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Archive for March, 2016

Tripe, take two

I decided to give poor old tripe another chance, especially after a friend sent me this link: http://tripemarketingboard.co.uk/ . My favourite quote on the site has to be this:  “I’m determined not to starve in a post-apocalyptic world. You know, after the Little Green Men turn all the cows inside out, tripe will be the ‘low-hanging fruit.'”

To stewe tripes (A Propre new booke of Cokery, 1545)

Take a pynte of clret wyne and set it upon the fier and cutte your tryppes in small peces and there to put in a good quantitie of synamon and gynger and also a sliced onion or twaine and so let theim boyle half an houre and then serve them upon soppes.

This is what I started out with. It was about 8 inches long and 3 inches wide.

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I didn’t have any claret wine or clarrey, but I had a bit of sherry so I bodged the recipe together by using some sherry (already quite sweet), a tsp of honey, a tsp of cinnamon and a tsp of ginger, along with one chopped onion. I added in a grind of pepper and, towards the end of cooking, a pinch of salt. Another friend advised cooking low and slow to prevent the rubbery texture, so I let the mixture simmer slowly for close to an hour. Then I spooned some over a small piece of white bread:

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This version had a nice hot gingery flavour but it still had a little bit of chewiness that the Tripe Marketing Board assures me is normal.

 

 

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Tripe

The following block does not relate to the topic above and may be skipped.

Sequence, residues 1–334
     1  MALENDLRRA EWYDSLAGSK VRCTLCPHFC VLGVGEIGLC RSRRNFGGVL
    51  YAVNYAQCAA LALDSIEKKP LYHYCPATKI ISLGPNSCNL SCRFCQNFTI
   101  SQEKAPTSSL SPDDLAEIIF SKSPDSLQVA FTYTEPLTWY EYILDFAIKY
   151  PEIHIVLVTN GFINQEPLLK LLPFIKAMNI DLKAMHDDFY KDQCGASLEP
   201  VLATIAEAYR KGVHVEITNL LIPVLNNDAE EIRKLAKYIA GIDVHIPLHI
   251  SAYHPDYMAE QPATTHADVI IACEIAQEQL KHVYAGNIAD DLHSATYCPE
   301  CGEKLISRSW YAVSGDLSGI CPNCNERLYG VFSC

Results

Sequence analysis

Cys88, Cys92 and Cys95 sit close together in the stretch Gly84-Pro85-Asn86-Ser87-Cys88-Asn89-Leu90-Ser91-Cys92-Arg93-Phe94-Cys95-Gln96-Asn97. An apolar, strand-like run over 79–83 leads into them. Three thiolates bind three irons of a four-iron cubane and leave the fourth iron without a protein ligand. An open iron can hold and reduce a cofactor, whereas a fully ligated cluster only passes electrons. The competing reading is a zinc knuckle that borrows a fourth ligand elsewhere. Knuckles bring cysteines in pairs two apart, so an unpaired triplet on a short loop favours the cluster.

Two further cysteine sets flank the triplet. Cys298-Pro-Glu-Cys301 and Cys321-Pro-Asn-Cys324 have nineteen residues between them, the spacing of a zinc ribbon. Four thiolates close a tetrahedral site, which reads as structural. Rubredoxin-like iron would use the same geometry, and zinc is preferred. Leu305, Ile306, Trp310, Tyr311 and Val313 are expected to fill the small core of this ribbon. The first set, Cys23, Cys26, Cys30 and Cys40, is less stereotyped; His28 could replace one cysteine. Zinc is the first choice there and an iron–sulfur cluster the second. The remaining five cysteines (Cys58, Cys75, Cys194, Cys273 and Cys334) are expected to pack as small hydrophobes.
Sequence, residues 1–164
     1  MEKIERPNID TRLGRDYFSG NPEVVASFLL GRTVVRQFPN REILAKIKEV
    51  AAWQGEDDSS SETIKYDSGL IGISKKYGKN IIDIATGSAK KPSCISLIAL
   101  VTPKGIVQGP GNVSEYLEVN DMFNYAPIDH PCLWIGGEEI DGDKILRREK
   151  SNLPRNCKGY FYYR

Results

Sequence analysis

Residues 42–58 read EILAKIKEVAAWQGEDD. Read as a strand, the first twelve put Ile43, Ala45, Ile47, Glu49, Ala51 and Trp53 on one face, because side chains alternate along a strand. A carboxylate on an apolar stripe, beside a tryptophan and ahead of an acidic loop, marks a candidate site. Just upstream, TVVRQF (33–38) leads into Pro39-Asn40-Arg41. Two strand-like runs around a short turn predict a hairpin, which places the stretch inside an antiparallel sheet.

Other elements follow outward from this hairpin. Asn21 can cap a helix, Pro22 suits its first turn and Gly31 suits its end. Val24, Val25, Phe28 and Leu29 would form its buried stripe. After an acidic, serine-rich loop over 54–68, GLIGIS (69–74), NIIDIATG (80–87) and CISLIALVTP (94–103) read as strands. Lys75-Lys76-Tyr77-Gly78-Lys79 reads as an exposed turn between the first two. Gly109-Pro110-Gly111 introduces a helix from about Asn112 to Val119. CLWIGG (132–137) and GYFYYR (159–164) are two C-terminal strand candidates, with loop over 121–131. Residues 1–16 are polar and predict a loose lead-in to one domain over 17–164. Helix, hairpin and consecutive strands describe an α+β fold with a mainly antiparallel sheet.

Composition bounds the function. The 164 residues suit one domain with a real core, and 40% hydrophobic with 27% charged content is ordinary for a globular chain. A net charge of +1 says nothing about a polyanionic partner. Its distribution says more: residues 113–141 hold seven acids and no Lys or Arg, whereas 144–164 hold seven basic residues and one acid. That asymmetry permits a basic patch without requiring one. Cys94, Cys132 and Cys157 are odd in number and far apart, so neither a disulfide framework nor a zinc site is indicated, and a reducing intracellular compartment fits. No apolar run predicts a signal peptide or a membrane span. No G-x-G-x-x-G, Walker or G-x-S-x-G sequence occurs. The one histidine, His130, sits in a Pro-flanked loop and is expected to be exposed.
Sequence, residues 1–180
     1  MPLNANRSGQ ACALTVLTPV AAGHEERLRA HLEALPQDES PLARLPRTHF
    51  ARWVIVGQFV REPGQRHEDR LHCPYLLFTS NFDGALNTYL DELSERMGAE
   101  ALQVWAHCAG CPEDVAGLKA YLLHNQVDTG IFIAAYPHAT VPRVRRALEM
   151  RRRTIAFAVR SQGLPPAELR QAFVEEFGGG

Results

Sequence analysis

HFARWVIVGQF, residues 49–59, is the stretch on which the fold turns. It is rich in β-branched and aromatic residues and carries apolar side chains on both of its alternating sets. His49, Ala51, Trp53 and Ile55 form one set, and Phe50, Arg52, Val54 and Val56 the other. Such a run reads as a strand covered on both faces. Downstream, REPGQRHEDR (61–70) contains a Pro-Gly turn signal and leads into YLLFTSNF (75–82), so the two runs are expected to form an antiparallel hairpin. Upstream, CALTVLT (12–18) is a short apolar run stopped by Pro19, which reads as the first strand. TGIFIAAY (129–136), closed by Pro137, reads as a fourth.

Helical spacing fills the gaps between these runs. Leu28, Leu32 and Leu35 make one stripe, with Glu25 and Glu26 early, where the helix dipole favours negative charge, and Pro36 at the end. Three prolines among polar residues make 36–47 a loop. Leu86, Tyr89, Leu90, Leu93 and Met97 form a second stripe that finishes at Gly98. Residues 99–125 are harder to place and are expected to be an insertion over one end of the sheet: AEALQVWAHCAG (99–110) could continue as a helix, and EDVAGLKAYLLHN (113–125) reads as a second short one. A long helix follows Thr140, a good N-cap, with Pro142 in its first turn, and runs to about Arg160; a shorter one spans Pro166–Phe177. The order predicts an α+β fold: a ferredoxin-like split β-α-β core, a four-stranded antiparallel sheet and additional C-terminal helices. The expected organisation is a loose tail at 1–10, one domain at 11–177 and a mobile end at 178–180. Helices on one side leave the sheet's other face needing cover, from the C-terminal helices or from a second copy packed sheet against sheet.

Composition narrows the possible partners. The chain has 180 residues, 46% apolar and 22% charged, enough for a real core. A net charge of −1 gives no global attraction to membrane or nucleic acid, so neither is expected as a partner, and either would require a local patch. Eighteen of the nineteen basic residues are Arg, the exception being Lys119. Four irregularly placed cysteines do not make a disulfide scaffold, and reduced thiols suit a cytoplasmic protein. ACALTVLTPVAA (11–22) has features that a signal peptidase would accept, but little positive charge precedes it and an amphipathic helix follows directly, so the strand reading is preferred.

In a moment of weakness at the grocery store, I picked up a package of tripe. It was inexpensive, fits well with my commitment to nose-to-tail eating, and I knew there were medieval and renaissance recipes for it. Still, I have been rather nervous to try it.

The first experiment has been “To frye Trypes” from the 1545 A Propre new booke of Cokery (http://www.godecookery.com/trscript/trscript.html). It’s a simple recipe:

Take your Trypes and cutte them in small peces and put them into a pan & put therto an onyon or two & a dissh of swete butter and let them frye tyll they be brown / and than take them out & set them upon a chafyngdisshe and put therto a lytel verges (verjus) & ginger & serve it.

I took half the piece of honeycomb beef tripe (maybe 1/4 lb), and sliced it into tiny pieces. I chopped up an onion, and added 2-3 Tbsp of butter. I melted the butter and started the onions, then added the ripe and sautéd until the meat was cook and began to brown. I put it on my serving dish and added about 2 Tbsp of verjus and 1/4-1.2 tsp of ground ginger.

The result was a lovely golden concoction:

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The beauty of the food did not disguise the texture, which was a bit like chewing rubber bands. I would not have been able to choke it down had it not been in tiny pieces. The flavour was okay, if bland. It would have been improved with wine – lots and lots of wine, in a cup and not in the dish.

 

 

 

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